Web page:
Written by Woody Allen
If there is one artist in this world of ours that I have always found myself most relating to, it’s Mr. Woody Allen. I’m not quite as idiosyncratic as he is, and I sure as hell am no where near as intelligent, but something in the man speaks to me from beyond the ether. In my opinion he is the single greatest filmmaker of any generation, and yes, that’s because I grade his films on somewhat of a curve. True, his more recent works have not been up to the par set by his earlier efforts, but most of them are so damn good that to have even one of them in a career would make any other artist green with envy. (It sure makes me.) Woody Allen has been making fantastic films year in and year out for well over thirty years now. In case you didn’t hear that last part, I said year in and year out. That’s one film a year. Most directors are lucky if they make a film every three years. Woody is nearly Eighty years-old and he’s still doing it! And not only does he make a movie every year, he’s directed plays, acted in other films, formed his own jazz band, and written short story compilations. All this and he still has time for psychoanalysis. And people wonder why this man is my hero. (Did I mention that he’s also married to a woman 35 years his junior? Oh I didn’t? Well there’s a reason for that, which I’m not going to get into now, but regardless of how weird that situation is – and it is – I still come down on the side of support for Woody.) “Mere Anarchy” is his most recent work of short stories (written in 2007) and is classic Woody Allen is every sense of the long, elaborate, and overly complicated word.
I make mention to Woody’s wording only because he is a master behind a keyboard or a typewriter. He writes in a style, and with a voice, that I can only one day dream of cultivating. But as defined of a sense of style as he has, it is a very long ways away from anything modern, which will probably throw a lot of people off. Like with most of his film work, Allen doesn’t like change. He knows what works and he sticks with it. (Yes, to the point of banality at times, but give the man credit for his perseverance.) The thing is, despite not being capable of writing in a “modern voice” (I should probably use the phrasing “despite not wanting to,” or “not caring to” instead of “capable of”) for anyone with a love affair of the written word, Allen’s talent shines through brightly. And not only that, he’s one of the few writers that actually challenges your education. I mentioned before that I don’t believe myself to be anywhere near as smart or well read than Mr. Allen, and this is certainly true, but I do believe that I’m above average in those two areas. Still, I was running to my dictionary (on my iphone nonetheless, I’m sure Woody could write an entire short story on that concept alone) every other paragraph just to simply find out the meaning of one of his many archaic and “intellectual” words. This is something that I didn’t have to do that once while reading the 900 page behemoth that is “The Brothers Karazamov”. I probably had to do it about two dozen times while reading this 100 page collection of short stories.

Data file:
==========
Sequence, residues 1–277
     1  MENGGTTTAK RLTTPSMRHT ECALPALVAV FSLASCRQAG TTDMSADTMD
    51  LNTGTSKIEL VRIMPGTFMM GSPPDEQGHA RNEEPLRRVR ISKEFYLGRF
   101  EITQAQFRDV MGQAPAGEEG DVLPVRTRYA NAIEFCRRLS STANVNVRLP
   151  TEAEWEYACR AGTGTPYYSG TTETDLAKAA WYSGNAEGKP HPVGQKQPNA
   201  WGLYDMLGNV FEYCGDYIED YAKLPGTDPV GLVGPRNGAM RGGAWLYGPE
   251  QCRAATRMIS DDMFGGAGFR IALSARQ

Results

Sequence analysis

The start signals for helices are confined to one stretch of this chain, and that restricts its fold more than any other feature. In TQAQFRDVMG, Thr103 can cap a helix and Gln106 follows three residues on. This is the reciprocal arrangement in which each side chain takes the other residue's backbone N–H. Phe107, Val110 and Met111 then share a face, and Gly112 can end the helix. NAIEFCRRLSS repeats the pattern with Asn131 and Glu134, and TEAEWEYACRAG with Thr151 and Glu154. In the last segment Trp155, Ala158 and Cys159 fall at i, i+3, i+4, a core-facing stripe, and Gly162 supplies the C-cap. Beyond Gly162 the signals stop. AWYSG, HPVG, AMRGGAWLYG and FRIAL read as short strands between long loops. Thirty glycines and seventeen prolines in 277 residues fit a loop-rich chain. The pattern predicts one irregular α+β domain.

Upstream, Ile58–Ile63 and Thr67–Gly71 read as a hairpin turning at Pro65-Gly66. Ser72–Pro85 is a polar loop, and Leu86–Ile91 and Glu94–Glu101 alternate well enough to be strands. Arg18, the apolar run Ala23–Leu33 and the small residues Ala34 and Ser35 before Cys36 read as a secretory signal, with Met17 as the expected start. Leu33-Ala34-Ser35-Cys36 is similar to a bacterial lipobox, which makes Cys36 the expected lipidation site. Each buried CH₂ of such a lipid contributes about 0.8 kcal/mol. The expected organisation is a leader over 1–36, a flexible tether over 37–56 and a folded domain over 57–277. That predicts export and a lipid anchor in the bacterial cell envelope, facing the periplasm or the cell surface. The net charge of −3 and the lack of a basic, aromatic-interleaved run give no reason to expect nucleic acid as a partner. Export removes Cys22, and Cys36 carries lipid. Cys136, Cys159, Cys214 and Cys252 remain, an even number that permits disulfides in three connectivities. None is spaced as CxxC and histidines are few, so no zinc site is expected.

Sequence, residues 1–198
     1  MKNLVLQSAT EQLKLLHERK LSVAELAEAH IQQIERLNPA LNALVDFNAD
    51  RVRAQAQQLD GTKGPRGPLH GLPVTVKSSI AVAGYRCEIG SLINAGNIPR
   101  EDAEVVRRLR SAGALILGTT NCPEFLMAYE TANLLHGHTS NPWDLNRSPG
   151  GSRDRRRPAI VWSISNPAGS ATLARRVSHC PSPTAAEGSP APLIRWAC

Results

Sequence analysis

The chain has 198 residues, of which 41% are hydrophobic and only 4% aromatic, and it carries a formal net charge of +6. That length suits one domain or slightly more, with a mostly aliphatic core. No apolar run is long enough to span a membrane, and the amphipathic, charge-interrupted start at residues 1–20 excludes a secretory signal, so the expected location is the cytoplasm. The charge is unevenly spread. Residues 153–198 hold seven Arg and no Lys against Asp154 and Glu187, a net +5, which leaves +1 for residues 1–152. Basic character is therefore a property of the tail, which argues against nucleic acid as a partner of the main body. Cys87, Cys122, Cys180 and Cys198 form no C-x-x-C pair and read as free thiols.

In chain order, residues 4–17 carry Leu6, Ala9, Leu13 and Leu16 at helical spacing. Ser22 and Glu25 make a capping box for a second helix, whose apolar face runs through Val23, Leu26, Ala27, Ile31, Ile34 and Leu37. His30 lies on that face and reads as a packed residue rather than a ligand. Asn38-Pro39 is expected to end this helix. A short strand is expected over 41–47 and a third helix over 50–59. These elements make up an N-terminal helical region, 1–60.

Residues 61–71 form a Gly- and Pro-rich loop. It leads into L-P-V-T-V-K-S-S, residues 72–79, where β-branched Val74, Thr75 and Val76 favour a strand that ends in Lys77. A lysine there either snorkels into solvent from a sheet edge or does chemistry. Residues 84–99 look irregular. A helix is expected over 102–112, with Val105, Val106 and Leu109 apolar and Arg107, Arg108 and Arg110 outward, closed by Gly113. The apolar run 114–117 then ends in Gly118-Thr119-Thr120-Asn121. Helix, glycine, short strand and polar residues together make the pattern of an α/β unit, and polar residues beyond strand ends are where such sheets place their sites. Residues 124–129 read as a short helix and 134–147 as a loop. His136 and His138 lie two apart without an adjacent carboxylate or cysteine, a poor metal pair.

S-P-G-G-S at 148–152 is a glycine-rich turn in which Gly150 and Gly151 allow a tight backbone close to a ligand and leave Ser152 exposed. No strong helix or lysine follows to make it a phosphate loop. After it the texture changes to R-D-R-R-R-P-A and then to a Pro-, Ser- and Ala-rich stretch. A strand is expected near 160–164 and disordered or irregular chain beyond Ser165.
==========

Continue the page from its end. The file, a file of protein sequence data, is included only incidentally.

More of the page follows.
My love affair with Mr. Allen began about five years ago now and though I may not watch a film of his every month, there is seldom a time during my own artistic endeavors when I do not sit and ask myself “What Would Woody Do?” It’s my own personal mantra and it’s worked out alright for me so far. As far as “Mere Anarchy” goes (which I believe is probably in reverence to one of my favourite poems of all time “The Second Coming” by Yeats) it’s a fantastic read for anyone who is looking for something short, sweet, funny, and challenging. After all, where else are you going to read about Nietzsche’s tips on dieting? Or the destruction of a wealthy Russian family living in New York City simply because they cannot get their three-year old into a prestigious day care? Or The String Theory being used as an excuse for an affair?